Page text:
If their association realizes a new vision for business schools, they could become your association’s fiercest competitor or strongest partner in management education and leadership development.
AACSB International has issued a collective vision for business education that challenges business schools to play five significant roles:
- Catalysts for innovation
- Hubs of lifelong learning
- Co-creators of knowledge
- Leaders on leadership
- Enablers of global prosperity
Many associations can and should also claim all five roles for themselves. As I read the AACSB International vision report, I underscored statement after statement that could equally apply to associations in their areas of influence.
The vision calls business schools out of academia and into the world. “They will be defined less as isolated units and more through the connections that help them achieve their knowledge creation, education and community-building missions.”
As a catalyst for innovation, business schools are invited to partner with “industries or industry clusters to create platforms for incubating new management ideas, or to analyze big data across firms to better understand and customize talent development needs.” A strong theme in this vision is joining with others as co-creators of the knowledge our world needs for success.
As hubs of lifelong learning, the vision challenges business schools to “move beyond the bounds of traditional degree-based education and traditional markets served”. They can become learning laboratories where theory is enriched by practice. Schools are urged to meet the needs of “individuals’ learning pathways” that are “more likely to comprise modularized, fragmented and just-in-time education experiences.” Using technology platforms to enhance delivery and leverage experiential learning, schools can tailor education to the “learners’ specific role, industry or career trajectory”.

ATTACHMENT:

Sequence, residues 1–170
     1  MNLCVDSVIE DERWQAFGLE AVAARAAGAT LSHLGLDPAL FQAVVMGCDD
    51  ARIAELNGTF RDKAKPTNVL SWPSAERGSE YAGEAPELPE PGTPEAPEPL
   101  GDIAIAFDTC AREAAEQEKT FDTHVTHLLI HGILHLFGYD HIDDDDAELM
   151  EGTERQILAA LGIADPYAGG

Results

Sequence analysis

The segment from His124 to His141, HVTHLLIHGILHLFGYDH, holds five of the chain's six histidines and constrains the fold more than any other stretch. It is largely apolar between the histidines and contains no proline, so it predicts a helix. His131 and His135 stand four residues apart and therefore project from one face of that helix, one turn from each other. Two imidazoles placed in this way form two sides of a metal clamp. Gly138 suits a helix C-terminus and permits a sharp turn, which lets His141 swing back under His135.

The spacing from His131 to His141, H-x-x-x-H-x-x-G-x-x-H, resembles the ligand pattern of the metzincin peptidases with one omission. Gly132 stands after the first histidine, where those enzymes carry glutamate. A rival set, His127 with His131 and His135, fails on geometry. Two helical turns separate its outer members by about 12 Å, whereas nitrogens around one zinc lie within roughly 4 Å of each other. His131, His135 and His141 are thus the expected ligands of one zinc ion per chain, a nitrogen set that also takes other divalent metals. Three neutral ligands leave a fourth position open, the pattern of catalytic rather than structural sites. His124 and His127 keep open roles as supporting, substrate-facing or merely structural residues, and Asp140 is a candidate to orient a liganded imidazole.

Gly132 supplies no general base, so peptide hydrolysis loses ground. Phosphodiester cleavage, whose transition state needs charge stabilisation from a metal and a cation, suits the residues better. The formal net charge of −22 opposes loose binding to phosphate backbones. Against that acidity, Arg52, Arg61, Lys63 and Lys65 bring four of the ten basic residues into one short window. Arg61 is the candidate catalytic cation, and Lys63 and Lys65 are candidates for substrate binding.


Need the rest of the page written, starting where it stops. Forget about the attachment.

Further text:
Many associations recognize the need to offer leadership development programs. AACSB International is encouraging business schools to be “leaders on leadership with the capacity to compete locally across sectors in the leadership development space.” And to ensure business schools do leadership development best, they are challenged to develop “the evidence-based theoretical and practical foundations of leadership while also building on the contextual knowledge of other disciplines and schools.”
Acknowledging that the boundaries are now blurred among business, government, and nonprofits, AACSB International encourages business schools to facilitate new partnerships to “address social problems, not just business and management problems.” The vision aspires to serve the common good.
Vision is only as powerful as its implementation and change often comes too slowly. Business schools will have to execute this vision in the bureaucratic and resource-constrained world of academia. Those that succeed could become powerful competitors and/or partners for the work associations aspire to do. Associations might be more nimble in their ability to pursue all five roles. The race to a preferred future is on, and whoever gets there first, we all win.